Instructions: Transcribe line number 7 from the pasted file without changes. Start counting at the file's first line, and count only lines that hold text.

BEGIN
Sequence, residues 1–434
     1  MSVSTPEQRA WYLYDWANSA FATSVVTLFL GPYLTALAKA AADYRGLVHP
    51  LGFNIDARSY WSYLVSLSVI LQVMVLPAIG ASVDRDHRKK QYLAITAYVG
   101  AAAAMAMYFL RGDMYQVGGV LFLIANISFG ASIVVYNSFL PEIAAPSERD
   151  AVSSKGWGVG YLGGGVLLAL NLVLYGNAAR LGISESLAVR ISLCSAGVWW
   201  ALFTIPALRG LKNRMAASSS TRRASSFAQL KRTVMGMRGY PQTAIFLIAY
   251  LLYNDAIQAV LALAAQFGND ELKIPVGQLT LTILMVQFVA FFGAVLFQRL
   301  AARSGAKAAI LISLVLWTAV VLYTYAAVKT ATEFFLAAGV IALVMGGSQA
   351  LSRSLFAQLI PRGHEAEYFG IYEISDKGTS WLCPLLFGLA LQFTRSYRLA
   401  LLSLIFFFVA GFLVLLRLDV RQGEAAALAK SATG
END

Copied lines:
   251  LLYNDAIQAV LALAAQFGND ELKIPVGQLT LTILMVQFVA FFGAVLFQRL